“The problem is that her beliefs are deeply rooted in hatred and anti-Semitism,” Jeff Ballabon said. “She is a hater. I’m going to say it, she is filth. She has no place in the Congress.”
“She is a filthy, disgusting hater,” he later added. “So what if she’s in Congress?”
The most recent round of criticism of Omar stemmed from a tweet she offered in response to Rep. Nita M. Lowey (D-N.Y.). Lowey’s initial comment criticized a poster seen in the West Virginia State Capitol that linked Omar to the Sept. 11, 2001, attacks. Such a link, Lowey wrote, was as painful and worthy of condemnation as Omar’s implication that Jewish Americans had dual loyalty with Israel.
“Our democracy is built on debate, Congresswoman!” Omar replied. “I should not be expected to have allegiance/pledge support to a foreign country in order to serve my country in Congress or serve on committee. The people of the 5th elected me to serve their interest. I am sure we agree on that!”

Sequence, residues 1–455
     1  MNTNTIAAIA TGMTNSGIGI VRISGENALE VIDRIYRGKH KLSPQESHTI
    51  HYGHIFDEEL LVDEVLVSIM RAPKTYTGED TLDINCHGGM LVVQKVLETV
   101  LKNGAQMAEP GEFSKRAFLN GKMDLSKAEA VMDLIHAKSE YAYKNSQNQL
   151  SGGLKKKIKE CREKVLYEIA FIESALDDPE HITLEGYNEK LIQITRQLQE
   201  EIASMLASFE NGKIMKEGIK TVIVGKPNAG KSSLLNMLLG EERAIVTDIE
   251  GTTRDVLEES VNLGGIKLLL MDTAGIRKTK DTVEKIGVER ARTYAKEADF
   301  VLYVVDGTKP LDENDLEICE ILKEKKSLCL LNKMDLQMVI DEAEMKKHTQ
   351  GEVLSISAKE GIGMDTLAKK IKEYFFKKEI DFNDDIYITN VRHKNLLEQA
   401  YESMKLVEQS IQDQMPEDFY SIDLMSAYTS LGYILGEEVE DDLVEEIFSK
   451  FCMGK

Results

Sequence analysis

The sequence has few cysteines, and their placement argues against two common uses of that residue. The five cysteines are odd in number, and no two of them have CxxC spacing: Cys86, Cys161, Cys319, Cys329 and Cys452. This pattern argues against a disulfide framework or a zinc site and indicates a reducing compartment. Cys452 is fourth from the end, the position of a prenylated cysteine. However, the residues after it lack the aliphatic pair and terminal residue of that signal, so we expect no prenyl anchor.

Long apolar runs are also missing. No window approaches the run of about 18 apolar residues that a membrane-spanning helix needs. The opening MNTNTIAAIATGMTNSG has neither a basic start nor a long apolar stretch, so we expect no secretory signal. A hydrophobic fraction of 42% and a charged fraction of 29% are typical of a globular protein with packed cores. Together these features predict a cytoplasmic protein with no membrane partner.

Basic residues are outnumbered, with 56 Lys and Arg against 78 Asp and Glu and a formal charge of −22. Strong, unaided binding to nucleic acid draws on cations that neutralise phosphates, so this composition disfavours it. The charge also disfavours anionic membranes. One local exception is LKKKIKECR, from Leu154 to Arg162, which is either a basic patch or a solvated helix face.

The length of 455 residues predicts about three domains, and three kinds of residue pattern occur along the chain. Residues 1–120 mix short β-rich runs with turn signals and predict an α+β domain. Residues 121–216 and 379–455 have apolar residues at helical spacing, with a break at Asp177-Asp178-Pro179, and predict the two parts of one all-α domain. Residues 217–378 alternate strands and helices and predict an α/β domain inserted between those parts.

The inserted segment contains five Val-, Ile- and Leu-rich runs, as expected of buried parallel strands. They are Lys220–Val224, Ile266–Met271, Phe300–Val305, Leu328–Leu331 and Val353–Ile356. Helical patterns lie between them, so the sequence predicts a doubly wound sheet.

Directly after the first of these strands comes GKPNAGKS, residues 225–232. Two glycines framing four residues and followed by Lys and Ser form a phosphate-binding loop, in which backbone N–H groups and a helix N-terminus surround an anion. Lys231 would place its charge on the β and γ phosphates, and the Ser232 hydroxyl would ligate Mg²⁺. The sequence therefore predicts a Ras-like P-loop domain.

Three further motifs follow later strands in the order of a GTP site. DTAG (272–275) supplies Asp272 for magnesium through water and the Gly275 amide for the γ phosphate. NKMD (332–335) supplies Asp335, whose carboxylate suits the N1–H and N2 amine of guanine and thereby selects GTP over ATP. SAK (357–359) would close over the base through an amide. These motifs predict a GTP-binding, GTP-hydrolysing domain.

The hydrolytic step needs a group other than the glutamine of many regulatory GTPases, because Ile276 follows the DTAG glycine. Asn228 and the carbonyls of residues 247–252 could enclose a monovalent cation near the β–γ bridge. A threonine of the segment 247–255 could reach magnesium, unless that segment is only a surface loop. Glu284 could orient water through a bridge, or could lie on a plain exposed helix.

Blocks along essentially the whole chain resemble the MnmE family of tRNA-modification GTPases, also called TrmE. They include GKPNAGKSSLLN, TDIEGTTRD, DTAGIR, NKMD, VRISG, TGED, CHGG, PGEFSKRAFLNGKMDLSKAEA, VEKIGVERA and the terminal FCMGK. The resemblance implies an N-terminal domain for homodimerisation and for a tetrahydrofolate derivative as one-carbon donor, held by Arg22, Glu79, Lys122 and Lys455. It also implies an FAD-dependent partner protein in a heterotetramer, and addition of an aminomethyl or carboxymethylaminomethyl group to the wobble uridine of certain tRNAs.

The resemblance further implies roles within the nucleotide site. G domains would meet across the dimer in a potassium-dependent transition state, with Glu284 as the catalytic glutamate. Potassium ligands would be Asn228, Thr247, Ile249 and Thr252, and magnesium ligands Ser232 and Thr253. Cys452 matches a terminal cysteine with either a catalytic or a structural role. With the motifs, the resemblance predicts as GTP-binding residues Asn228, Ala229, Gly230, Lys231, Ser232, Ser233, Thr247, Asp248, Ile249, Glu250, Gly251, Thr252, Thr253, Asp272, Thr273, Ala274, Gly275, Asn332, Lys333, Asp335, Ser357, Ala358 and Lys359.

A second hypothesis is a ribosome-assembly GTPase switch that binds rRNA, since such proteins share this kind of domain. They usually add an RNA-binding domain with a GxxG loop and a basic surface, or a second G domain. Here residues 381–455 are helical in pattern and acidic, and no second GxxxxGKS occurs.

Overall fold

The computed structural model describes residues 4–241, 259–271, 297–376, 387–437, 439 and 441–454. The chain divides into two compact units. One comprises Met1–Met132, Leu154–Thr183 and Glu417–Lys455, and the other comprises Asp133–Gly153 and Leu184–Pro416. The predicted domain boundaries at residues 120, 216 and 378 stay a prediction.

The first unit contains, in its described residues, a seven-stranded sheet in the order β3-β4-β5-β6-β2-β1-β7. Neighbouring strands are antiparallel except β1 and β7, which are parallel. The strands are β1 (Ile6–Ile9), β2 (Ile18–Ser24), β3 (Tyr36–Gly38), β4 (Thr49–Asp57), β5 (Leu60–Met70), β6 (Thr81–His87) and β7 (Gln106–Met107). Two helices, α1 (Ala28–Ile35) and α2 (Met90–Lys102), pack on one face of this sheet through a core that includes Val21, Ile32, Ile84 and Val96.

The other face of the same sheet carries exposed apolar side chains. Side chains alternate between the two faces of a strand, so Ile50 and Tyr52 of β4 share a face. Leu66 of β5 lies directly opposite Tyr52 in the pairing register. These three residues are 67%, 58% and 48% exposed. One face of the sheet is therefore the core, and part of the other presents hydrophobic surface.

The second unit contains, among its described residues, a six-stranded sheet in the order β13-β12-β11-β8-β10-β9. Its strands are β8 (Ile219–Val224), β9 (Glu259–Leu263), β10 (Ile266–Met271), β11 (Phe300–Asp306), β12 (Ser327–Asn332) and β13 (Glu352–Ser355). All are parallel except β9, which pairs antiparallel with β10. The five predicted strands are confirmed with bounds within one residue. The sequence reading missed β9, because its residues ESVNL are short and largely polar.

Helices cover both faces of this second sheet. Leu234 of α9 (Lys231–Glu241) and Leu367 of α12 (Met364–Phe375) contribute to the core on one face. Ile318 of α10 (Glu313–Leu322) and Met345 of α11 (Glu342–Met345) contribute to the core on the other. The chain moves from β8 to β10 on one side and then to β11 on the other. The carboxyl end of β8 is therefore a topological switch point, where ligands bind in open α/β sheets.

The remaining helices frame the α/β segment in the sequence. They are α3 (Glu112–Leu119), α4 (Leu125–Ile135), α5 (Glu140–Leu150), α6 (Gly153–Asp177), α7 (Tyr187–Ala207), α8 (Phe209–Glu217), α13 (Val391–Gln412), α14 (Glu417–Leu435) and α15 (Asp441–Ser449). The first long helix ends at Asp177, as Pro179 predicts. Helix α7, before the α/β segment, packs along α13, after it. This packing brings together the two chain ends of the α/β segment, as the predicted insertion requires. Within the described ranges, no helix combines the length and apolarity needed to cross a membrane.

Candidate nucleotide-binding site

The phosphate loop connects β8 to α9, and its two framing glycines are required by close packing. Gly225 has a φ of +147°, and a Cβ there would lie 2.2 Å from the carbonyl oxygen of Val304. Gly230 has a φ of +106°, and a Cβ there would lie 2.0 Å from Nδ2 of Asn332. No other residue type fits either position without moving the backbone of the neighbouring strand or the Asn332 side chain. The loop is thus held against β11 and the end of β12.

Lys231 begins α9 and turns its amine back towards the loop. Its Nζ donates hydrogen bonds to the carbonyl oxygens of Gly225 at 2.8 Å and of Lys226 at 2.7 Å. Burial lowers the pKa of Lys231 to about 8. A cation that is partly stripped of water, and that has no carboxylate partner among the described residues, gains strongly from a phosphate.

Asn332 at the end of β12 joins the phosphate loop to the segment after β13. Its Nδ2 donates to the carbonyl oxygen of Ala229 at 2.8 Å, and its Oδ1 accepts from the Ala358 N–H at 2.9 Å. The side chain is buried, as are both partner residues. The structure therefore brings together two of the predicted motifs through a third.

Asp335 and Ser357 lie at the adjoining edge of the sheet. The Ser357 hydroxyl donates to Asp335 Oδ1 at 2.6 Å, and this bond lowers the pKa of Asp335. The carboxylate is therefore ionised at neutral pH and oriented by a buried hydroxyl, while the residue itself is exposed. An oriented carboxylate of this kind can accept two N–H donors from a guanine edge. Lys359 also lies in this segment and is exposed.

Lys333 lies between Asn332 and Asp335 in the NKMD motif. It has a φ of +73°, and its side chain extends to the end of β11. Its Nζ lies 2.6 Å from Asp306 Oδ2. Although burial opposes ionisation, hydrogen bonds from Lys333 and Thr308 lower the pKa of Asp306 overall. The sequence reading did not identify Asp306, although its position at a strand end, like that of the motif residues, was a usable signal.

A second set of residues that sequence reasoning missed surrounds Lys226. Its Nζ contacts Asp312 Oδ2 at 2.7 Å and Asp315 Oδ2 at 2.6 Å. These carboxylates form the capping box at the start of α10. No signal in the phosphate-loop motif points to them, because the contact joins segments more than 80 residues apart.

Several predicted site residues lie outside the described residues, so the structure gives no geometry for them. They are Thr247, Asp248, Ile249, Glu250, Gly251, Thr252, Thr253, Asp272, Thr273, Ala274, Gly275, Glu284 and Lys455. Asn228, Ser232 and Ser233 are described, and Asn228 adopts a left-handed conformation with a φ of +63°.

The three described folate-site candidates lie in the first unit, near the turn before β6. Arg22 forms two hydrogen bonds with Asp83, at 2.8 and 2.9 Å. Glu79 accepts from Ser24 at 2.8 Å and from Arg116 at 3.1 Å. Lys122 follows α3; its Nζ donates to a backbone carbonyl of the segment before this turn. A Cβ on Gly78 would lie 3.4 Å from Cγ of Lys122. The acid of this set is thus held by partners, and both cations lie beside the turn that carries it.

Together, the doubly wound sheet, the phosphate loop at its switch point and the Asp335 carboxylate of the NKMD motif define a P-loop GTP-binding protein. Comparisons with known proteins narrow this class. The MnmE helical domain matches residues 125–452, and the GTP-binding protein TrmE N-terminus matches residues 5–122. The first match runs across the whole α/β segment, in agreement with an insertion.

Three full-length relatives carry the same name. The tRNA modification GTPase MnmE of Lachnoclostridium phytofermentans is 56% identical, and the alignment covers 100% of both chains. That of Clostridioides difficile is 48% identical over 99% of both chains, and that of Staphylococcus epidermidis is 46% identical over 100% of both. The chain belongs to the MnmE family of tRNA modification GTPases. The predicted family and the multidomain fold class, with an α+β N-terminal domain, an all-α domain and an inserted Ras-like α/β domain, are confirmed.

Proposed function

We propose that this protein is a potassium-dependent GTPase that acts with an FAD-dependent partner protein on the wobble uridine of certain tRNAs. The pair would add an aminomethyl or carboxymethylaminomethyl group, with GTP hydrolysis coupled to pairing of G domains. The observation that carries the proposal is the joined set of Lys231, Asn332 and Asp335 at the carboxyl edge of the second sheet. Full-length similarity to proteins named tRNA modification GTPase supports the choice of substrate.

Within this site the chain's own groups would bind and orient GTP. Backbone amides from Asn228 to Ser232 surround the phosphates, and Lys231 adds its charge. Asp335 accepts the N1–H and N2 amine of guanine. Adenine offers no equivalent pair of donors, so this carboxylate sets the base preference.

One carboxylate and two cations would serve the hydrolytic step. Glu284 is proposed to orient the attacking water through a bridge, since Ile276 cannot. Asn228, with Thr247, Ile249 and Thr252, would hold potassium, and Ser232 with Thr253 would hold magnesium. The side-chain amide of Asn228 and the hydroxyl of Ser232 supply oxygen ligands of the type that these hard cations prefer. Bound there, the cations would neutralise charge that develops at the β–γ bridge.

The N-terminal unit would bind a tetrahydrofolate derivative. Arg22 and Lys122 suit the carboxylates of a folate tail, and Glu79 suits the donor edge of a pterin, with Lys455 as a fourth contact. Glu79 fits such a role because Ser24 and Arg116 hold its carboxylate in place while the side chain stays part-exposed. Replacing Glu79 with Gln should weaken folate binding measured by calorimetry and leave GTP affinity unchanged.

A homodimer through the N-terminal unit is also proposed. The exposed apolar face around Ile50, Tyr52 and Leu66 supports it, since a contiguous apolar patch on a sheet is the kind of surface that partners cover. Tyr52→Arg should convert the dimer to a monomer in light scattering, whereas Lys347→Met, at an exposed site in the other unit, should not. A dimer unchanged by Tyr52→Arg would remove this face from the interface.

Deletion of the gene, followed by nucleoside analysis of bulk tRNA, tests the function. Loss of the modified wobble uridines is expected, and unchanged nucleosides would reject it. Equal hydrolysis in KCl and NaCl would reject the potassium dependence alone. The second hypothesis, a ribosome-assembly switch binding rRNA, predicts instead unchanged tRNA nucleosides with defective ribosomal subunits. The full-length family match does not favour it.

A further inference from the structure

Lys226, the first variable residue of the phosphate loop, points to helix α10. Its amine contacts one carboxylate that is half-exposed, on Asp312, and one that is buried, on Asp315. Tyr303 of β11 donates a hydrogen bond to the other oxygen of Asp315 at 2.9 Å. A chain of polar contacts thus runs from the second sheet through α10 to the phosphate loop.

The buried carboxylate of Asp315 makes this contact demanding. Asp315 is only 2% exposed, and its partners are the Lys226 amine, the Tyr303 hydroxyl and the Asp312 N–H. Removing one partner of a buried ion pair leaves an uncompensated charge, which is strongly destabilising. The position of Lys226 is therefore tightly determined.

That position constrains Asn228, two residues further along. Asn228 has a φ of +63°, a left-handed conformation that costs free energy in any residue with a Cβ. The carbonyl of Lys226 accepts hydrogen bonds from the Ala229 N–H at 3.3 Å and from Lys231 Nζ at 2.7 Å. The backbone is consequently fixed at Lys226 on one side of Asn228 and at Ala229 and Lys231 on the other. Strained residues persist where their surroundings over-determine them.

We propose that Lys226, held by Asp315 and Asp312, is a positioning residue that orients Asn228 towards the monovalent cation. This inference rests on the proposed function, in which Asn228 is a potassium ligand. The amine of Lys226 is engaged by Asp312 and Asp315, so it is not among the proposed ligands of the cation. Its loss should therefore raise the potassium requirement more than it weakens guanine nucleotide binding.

The implication that others had mandated allegiance or pledges of support to Israel reinforced the criticism that Lowey was offering. Omar now faces a resolution on the House floor introduced by Democrats that condemns her comments, albeit indirectly. (It’s a move that’s clearly meant to stamp out the issue as much as to hold Omar to task.)
It’s impossible, though, to isolate Omar’s religion and identity from the criticism she faces, particularly from Trump.
Omar immigrated to the United States as a refugee from the civil war in Somalia that began in 1991. She left that country when she was 10, arriving in Virginia in 1995. How did she do in “her country,” to answer Trump’s question? Well, she was a child.
It’s worth remembering, too, that in Trump’s case, he once reportedly derided African nations as “s---hole” countries. At another point, he said that once Nigerian immigrants “had seen the United States, they would never ‘go back to their huts’ in Africa,” according to the New York Times.